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Chris Smith - Bad Orchestra

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Artist: Chris Smith

Album: Bad Orchestra

Label: Death Valley

Review date: Sep. 13, 2007

Despite the proliferation of feedback blizzards and tumbleweed guitar leads spiked with field recordings of open-air environments and a woman cursing, this is Chris Smith's Pink Moon. Which is to say that it's a brief, pithy, full stop of an album, born out of bad circumstances and looking for something better. Smith is a former farm boy who moved to Melbourne, Australia, around 1993 to play rock and roll, and ended up bouncing from town to town making something far less straightforward. His music, documented on some excellent long players for Avalanche Express, Death Valley and Emperor Jones, has tended more toward open-ended, pedal-facilitated guitar atmospherics.

According to a recent interview in the magazine Cyclic Defrost, Smith has moved back to the farm after some unspecified personal complications. His sole post to his Myspace blog indicates that he's stopped making solo music, at least for now, and that he's happier that way. In light of this information, Bad Orchestra seems to represent both a summation and a shift. His instrumentals have shrunk; "Glue Factory," a mix of meandering piano, bird cries, and rainstorm rumbles, runs barely more than a minute. "The Orbit," a sublime sliver of shimmering reverb that follows the Xpressway out the far side of Yr Skull, lasts about 15 seconds longer. For that matter, the whole CD clocks in at just half an hour. It's as though Smith is running short of things to say, yet speaking more clearly than ever.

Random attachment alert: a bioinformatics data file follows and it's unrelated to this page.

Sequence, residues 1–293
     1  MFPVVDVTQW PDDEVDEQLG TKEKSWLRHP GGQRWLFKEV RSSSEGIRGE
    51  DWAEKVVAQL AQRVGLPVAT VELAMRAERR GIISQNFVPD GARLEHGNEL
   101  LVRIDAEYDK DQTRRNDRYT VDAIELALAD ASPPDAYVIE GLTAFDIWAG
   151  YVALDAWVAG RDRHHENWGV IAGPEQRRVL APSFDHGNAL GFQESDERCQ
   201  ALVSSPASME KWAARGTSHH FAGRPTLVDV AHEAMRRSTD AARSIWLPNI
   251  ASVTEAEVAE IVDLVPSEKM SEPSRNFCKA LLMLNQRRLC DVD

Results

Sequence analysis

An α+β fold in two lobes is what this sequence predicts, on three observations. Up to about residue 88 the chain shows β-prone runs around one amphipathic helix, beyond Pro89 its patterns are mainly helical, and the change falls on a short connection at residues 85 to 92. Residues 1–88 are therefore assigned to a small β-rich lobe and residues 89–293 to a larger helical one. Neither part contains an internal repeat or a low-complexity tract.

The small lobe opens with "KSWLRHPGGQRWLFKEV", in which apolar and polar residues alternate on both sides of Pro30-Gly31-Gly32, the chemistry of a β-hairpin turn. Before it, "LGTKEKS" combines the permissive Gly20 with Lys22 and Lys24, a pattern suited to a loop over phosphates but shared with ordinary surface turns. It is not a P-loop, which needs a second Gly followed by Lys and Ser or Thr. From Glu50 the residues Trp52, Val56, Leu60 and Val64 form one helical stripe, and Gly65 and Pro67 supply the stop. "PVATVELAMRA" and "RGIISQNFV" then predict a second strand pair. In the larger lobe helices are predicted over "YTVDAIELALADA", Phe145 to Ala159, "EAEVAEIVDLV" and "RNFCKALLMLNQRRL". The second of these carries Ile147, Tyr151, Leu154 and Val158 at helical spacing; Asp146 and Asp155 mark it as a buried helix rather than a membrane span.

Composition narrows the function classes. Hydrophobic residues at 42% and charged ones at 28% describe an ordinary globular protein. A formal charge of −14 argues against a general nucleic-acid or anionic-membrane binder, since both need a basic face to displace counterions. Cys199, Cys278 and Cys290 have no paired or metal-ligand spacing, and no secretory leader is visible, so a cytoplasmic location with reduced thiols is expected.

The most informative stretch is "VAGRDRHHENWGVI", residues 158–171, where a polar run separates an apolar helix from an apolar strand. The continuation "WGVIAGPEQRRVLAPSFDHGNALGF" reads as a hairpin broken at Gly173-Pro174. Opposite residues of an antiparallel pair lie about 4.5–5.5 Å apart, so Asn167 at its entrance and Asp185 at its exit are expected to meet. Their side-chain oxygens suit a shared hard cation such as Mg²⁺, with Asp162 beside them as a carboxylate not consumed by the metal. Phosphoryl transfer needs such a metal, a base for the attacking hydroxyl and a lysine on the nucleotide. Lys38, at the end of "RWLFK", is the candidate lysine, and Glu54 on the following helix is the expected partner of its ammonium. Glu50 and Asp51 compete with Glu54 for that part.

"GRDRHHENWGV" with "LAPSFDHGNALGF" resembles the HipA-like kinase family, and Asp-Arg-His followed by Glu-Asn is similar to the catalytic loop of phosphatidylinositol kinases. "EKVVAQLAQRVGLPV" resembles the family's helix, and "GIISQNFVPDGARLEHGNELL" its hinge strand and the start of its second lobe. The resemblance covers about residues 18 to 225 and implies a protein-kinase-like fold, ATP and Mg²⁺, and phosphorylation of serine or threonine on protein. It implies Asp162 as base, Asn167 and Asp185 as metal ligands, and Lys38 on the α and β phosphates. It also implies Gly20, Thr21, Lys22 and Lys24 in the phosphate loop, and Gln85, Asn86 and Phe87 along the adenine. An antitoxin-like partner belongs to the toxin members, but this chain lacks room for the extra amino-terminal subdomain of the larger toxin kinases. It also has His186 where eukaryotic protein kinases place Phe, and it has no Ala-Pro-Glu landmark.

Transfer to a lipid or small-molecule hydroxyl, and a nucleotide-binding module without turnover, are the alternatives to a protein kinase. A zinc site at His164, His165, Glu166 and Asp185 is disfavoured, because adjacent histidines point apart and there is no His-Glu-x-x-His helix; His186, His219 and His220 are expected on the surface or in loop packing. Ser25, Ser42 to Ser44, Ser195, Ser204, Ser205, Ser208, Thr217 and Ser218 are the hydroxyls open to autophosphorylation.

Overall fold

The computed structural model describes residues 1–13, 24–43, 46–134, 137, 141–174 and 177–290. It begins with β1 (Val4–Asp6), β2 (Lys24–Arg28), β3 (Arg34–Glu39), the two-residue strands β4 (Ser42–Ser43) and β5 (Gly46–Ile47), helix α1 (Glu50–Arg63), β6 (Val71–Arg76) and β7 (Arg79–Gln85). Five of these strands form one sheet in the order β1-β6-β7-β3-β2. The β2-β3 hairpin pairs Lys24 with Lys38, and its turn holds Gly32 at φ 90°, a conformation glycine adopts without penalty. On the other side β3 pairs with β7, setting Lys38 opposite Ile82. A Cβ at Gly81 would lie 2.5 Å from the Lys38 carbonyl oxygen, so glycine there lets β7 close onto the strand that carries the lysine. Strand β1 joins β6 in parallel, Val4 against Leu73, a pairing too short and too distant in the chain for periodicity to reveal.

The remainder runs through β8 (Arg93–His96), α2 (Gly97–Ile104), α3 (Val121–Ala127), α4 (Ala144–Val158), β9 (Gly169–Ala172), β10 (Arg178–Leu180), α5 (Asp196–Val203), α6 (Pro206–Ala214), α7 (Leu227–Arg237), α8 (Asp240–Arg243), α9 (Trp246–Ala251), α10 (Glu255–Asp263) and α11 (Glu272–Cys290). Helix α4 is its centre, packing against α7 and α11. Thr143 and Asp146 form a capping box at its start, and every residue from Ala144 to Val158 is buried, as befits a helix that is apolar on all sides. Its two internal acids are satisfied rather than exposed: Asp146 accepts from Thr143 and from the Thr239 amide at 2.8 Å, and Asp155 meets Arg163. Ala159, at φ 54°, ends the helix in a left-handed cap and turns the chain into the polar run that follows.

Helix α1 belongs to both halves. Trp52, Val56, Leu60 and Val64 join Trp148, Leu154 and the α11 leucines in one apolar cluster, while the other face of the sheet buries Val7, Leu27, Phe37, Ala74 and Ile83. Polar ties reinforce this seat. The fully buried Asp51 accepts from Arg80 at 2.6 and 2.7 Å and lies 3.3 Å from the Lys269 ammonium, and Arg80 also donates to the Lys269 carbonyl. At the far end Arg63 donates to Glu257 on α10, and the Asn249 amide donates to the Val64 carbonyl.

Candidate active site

Ironically, the one time he steps up and sings is one of the record's blurriest moments. Backed for once by a full band that stumbles over the most basic riff like Crazy Horse with pebbles in their horseshoes, Smith snarls barely coherent bile through an overmatched amp. If you've been missing Gate's forays into bummer songcraft, this tune's for you. It also stands quite alone on the record, nearly alone in his mostly instrumental catalog.

Initially, this album's parsimony left me frustrated. I've always liked Smith's sprawling moments, and I wanted more. But after some concentrated listening, its economy seems right. After all, the blues didn't necessarily get any better when skinny boys started pinning lengthy solos on them.

Note: We waited to publish this review until the album showed up in America. We're happy to say you can finally find it at Aquarius Records.

By Bill Meyer

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